Disclaimer: I'm no MS/.Net evangelist. I'm just a computer software developer that wants to share his experience working on a weekend project (actually 3 weekends...)
As a bet between me and my wife, I took the challenge of developing grid computing software over the weekend. The aim is to basically solve a very challenging billion of billions of possibilities puzzle with a 2 million dollar prize.
The functional requirements were:
- A user friendly GUI (and an easy to use gui designer)
- Webclient Capabilities
- Email sending capabilities
- Installation and Setup
- Software Updates Engine
- Process Execution Priority
- Registry Management
- MySql DB Connection Adapter
And there were a few non functional requirements:
- Multi-Threaded Execution
- Code Access Security
- High Performance
- Small Memory Foot Print
- Source Code Obfuscation
So I've set up and started to work. By taking a look at the list of functional and non functional requirements I've decided that going for .Net is probably the best call. While I might get a slight impact with the high performance requirement, I would still earn a lot of good stuff as a tradeoff.
Developing with VS2005 was a real treat, and when I've concluded my work , I took a step back and was wondering whether I could have achieved this with another programming language and a different development environment at the same or shorter time. Sure, unmanaged C++ would have probably give more cpu juice, but developing all of the stuff that was in the list, would have taken me a lot more effort with C++. There were other possibilities that I had considered like Java, Perl and Python but all of them had drawbacks compared to .Net. Perl and Python are somewhat Gui challenged, sure there are some Perl and Python Gui Toolkits, but they are not always supported by a proper designer and would probably require a more complicated installation scheme. And as for Java , well I couldn't find any study or survey that does an apples to apples compare of Java penetration rate versus the .Net runtime penetration rate on Win machines, but an internal hunch told me that .Net is more widely spread. Moreover having a simplified .Net installation capability versus none for java had made me remove Java as a software language candidate. I could however be criticized for not taking into consideration Java's cross platform advantage, but .Net has its renegade unix/Linux brother known as Mono (a .NET linux run time engine) . The only difficulties with Mono would be to introduce a new setup flow , because ClickOnce would probably not work on a linux machine and I also had to Tweak the Windows.Win32 to work with linux as well. But having these two relatively easy tasks would have put me in a position where I could use my code on a Linux or MacOS box as well. In case you are wondering whether the winforms might have an issue running on a Linux box, stop wondering, they work great!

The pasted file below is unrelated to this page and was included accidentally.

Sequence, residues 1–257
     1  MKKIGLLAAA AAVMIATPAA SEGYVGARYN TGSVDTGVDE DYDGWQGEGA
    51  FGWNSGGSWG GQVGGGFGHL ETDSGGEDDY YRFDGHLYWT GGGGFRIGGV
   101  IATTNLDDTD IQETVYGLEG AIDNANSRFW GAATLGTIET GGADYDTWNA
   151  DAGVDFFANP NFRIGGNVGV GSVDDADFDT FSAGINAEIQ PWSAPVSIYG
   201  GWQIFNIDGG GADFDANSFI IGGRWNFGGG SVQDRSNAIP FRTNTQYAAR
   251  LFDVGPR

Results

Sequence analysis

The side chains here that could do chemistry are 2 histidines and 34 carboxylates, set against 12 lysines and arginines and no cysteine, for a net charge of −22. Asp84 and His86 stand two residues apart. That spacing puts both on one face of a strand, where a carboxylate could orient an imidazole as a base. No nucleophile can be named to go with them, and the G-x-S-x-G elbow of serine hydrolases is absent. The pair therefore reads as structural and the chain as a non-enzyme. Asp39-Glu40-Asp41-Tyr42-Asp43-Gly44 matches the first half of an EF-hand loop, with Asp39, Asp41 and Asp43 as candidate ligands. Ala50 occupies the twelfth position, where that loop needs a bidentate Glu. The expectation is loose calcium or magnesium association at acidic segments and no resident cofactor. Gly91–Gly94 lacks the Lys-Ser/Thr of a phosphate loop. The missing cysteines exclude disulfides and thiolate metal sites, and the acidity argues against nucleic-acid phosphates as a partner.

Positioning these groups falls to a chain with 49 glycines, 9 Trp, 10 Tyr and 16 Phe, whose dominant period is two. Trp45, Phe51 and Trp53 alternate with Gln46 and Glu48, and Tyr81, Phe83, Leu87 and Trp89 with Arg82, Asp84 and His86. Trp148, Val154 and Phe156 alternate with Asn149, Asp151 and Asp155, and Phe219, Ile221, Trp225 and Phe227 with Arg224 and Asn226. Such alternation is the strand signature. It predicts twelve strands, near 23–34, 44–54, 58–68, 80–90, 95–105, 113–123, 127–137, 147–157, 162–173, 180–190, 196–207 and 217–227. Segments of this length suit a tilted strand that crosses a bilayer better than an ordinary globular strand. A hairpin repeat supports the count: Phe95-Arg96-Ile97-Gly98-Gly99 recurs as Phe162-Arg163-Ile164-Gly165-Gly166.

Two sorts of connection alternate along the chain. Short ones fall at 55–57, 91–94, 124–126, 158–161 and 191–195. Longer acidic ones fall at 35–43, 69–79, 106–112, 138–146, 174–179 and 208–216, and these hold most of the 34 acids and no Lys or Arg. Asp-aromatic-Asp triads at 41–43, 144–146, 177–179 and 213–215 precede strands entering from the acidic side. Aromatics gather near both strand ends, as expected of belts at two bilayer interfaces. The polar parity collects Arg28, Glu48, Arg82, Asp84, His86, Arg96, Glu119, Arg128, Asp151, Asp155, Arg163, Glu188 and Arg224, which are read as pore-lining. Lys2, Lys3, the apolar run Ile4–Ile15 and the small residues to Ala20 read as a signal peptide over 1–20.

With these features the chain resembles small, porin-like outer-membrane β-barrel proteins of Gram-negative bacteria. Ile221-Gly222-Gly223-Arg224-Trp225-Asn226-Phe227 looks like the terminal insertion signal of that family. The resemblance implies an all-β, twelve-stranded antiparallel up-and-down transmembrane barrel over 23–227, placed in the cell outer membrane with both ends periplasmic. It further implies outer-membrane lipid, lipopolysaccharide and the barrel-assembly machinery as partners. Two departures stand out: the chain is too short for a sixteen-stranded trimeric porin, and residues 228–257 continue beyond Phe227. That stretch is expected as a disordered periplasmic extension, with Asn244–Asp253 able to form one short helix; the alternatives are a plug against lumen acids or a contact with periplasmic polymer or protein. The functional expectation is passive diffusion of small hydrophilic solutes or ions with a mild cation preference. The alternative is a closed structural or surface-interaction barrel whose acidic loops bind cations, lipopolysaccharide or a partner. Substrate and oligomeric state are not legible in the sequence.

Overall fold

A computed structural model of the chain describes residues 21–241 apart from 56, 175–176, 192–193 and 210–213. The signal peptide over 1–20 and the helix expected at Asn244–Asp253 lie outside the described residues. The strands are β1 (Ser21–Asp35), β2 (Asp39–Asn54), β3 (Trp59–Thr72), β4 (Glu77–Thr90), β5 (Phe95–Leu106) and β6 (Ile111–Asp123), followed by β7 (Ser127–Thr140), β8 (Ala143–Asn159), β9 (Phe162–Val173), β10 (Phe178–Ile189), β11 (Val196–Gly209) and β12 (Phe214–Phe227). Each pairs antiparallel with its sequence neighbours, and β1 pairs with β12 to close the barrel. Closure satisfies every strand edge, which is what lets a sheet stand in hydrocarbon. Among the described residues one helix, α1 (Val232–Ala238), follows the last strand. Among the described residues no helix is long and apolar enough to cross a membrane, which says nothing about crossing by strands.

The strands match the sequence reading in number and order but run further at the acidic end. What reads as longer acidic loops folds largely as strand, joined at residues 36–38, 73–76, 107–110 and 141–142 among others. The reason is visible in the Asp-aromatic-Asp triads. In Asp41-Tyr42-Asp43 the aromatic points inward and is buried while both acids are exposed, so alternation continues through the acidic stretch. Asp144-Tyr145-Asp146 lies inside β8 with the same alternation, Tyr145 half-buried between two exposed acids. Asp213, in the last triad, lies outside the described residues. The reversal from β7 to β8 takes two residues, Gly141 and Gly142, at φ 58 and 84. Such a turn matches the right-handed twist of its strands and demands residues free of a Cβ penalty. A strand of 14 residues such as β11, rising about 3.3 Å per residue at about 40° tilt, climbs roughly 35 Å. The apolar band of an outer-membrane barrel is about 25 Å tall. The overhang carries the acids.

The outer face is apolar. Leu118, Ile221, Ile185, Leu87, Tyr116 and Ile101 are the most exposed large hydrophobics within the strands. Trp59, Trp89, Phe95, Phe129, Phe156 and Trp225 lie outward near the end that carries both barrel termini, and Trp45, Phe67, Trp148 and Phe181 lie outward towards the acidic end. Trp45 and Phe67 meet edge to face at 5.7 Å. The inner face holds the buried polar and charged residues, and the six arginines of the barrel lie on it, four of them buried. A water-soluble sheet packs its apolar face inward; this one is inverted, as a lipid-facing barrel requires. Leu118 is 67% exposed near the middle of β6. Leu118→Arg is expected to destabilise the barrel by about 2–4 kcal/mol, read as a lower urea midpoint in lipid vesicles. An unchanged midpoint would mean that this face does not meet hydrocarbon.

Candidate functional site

So here is a list of all of the good stuff that I used and probably saved me a lot of time by selecting .Net as my programming language.
I used VS2005 UI designer to design my application forms.
I used System.Net.WebClient for reporting the distributed clients progress.
System.Diagnostics was used to control the process` priority.
System.Net.Mail was used for sending emails
System.Security.Cryptography was used for symmetric encryption and decryption
Microsoft.Win32.RegistryKey was used for user properties persistency.
MySql.Data for connecting to a MySQL db.
ClickOnce publishing tool was used for Setup and Version upgrades
Dotfuscator's community edition was used to obfuscate the compiled code
And there are probably a lot more C#/VS2005 features that I subconsciously used that saved me a lot of time.
And I have a small confession to make, my client progress reporting backend server is in (god forbid..) php. But that's because I was too lazy to convert my hosting account to windows. If it was in windows I would have gone with ASP.Net for sure.
To conclude this post, I would just say that today, in my opinion, C# and VS2005 is the most productive programming language and development environment for producing main stream, non niche, solutions. But that's just me. Be gentle with the comments ;-)
Discovered this hidden gem, thought of sharing this for the sake of User Interface Humanity.
We all know of the excellent design patterns (by GoF ) for solving code design problems.
Well, Yahoo took the concept a little further by presenting design patterns for us UIs challenged code developers.
It's going to be my first stop from now on when thinking on a UI layout for my apps.
Comes in handy if you want to implement an automatic application upgrade component.While dubugging , the CurrentDeloyment object is not available so make sure you wrap the above call with
You'll get in return which current version is running and can alert the user that there is a new version available.
(The version can be set in a publish wizard or on a setup project in visual studio)
if (System.Diagnostics.Debugger.IsAttached == false)
There are some simple basic rules to follow when designing a web page. One of them is keeping your customer happy by
not surprising him with unwanted results. A lot of content sites , which their content expands beyond the window frame also have an auto refresh mechanisms. And this leads to a deadly mixture where you scroll down to the lower parts of the page , you begin reading a paragraph and the "Pooof" the page turns white, the page refreshes and the view is back at the top of the page. Well now of course, you have to scroll down again and find the paragraph you read just a second ago.